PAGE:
Password Safety Series: Password-Related Threats
Passwords are the key to our online identities. Behind our passwords lives our most sensitive information: bank records, finances, medical information, photos, and more. This is the kind of information cyber criminals will work tirelessly to access. Is your password up to the task?
Our password series will focus on different types of password-related threats and the tools and strategies available to protect our accounts.
Hackers use automated tools to figure out passwords. The length and complexity of a password is directly related to how quickly it can be decoded. Simple passwords are cracked in a fraction of a second, while complex passwords are almost unbreakable. Simple passwords can be dictionary words or sequential numbers or letters (either on the keyboard or in the alphabet).
Below are the worst passwords of 2019, according to Splashdata, based on five million leaked or breached passwords.
1 – 123456
2 – 123456789
3 – qwerty
4 – password
5 – 1234567
6 – 12345678
7 – 12345
8 – iloveyou
9 – 111111
10 – 123123
We talk a lot about phishing on the blog. One consequence of falling for a phish is divulging sensitive information like a password. In some phishing attacks, a link will lead to a fake login page. If you enter your password on one of these fake pages, it goes straight to the hacker. In other phishing attempts, a link in a phishing email may unleash malware that contains keystroke logging, which can also capture your passwords and deliver them to the hacker.
Password Recovery Systems
When you sign up for a new account, you may be asked to answer some personal questions that range from your mother’s maiden name to your high school mascot. These questions and answers are used when you forget your password and have to use the website’s built-in password recovery system. If you answer these questions honestly, how easy might it be for someone to research the answers? Your answers might be right there on your public social media account or found in a quick web search. In this case, the hacker doesn’t get your password, but he does gain control of your account.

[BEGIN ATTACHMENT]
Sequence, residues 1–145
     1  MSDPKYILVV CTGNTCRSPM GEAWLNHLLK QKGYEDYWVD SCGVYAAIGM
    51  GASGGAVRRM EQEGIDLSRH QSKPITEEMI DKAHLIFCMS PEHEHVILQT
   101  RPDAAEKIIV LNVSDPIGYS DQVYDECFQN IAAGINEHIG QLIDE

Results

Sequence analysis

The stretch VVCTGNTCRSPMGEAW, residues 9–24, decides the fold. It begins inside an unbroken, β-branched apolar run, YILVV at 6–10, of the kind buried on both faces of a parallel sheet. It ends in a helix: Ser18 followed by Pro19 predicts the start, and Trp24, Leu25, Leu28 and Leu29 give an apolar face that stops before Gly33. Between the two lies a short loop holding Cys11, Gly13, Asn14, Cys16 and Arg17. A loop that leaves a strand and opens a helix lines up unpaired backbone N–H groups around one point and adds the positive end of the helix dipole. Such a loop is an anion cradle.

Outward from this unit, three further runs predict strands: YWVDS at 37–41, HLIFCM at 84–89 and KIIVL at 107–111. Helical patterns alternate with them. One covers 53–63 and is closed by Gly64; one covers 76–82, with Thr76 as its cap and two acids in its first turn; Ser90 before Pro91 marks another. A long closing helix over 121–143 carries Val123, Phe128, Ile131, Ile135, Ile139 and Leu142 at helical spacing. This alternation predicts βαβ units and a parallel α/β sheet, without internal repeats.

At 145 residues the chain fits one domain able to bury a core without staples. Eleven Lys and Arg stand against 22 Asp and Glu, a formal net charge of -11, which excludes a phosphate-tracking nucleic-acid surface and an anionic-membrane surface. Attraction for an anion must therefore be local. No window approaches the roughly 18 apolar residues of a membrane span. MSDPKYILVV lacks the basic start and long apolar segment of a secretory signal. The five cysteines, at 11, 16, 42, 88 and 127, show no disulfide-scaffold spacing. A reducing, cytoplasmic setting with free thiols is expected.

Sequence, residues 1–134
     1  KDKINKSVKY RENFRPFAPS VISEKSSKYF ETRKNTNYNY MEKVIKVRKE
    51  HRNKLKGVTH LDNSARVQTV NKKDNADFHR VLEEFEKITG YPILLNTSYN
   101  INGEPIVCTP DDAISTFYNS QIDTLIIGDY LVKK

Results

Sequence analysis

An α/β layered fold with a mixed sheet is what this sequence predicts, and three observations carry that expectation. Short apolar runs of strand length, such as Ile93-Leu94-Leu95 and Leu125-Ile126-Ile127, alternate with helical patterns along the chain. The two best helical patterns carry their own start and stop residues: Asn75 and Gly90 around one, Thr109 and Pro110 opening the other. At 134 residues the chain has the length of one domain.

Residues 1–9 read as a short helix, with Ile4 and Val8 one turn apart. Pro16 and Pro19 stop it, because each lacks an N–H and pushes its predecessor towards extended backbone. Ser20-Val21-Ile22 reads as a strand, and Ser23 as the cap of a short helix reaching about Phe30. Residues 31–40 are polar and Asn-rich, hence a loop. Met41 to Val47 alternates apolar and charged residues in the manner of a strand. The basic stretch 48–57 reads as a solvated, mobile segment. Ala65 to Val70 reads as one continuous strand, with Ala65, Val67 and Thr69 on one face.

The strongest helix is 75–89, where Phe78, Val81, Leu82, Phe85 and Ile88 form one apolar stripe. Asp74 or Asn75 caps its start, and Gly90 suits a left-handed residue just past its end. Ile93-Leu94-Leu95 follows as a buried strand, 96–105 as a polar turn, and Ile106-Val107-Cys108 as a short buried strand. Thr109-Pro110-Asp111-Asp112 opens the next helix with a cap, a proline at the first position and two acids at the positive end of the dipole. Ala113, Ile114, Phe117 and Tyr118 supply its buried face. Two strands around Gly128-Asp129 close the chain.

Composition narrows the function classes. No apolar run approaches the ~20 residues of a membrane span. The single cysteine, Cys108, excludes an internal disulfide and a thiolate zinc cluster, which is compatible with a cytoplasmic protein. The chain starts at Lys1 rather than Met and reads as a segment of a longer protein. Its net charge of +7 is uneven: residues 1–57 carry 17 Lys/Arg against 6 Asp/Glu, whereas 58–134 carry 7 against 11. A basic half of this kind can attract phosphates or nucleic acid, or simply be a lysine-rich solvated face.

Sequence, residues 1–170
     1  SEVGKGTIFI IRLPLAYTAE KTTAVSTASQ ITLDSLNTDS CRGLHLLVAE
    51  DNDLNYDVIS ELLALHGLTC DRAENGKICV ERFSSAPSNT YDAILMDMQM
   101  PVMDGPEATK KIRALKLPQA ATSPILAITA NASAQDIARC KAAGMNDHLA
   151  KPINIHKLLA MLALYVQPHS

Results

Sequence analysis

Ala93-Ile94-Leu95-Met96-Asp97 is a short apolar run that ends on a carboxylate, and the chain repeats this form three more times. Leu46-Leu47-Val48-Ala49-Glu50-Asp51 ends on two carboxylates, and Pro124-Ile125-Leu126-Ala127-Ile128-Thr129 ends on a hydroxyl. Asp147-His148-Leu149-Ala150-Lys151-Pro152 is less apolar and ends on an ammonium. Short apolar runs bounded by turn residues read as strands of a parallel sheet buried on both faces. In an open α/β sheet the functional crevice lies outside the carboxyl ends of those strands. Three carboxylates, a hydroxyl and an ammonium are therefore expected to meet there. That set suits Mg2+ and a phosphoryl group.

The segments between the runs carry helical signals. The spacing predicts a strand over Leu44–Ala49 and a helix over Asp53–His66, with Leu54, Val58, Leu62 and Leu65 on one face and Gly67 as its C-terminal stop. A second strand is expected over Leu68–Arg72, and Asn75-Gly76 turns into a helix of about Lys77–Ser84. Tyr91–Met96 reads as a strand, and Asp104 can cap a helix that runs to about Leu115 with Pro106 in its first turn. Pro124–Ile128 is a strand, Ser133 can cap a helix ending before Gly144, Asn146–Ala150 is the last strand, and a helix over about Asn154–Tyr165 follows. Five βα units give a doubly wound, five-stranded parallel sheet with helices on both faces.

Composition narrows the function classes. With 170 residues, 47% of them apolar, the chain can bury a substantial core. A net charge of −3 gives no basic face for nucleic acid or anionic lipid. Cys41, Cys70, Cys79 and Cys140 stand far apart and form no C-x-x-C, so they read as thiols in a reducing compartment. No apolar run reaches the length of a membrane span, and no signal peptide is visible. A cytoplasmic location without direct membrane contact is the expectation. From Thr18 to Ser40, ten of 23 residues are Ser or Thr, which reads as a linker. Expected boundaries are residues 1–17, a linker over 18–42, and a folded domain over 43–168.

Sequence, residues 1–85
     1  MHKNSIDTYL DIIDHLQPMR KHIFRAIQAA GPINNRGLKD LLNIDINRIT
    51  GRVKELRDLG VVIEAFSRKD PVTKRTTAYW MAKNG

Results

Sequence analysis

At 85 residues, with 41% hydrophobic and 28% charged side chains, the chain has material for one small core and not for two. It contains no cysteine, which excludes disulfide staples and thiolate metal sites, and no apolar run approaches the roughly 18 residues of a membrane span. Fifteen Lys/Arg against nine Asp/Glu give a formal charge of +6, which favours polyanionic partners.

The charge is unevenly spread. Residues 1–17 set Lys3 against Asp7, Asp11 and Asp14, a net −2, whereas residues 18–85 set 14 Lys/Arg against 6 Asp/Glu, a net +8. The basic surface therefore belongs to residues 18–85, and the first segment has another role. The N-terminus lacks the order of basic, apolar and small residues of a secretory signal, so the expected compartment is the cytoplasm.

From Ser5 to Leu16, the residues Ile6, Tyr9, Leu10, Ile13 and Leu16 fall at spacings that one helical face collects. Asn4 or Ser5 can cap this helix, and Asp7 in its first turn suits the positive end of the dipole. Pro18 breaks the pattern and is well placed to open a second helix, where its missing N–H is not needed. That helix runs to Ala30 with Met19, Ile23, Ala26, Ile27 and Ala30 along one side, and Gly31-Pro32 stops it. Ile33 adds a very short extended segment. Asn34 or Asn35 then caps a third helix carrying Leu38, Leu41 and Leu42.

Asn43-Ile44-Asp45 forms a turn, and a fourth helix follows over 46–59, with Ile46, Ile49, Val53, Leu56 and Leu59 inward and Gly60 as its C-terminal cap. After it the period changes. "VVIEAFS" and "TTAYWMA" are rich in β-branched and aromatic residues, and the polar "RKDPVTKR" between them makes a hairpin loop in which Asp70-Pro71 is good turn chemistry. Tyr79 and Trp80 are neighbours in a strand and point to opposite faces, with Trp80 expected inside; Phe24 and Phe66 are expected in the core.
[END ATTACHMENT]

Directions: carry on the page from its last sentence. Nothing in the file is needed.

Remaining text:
Do you have a favorite password? The first one that pops into your head as you create a new account; the one you can always remember without having to think about it. While reusing a password is convenient, it can also be a major problem. When you reuse a password, every account that shares that password is at risk of being compromised. If one account is breached, a hacker may try that login information on multiple websites. Or, the login information might be published on the web for others to exploit.
Next week, we will cover the technologies and strategies available to help us protect our accounts.
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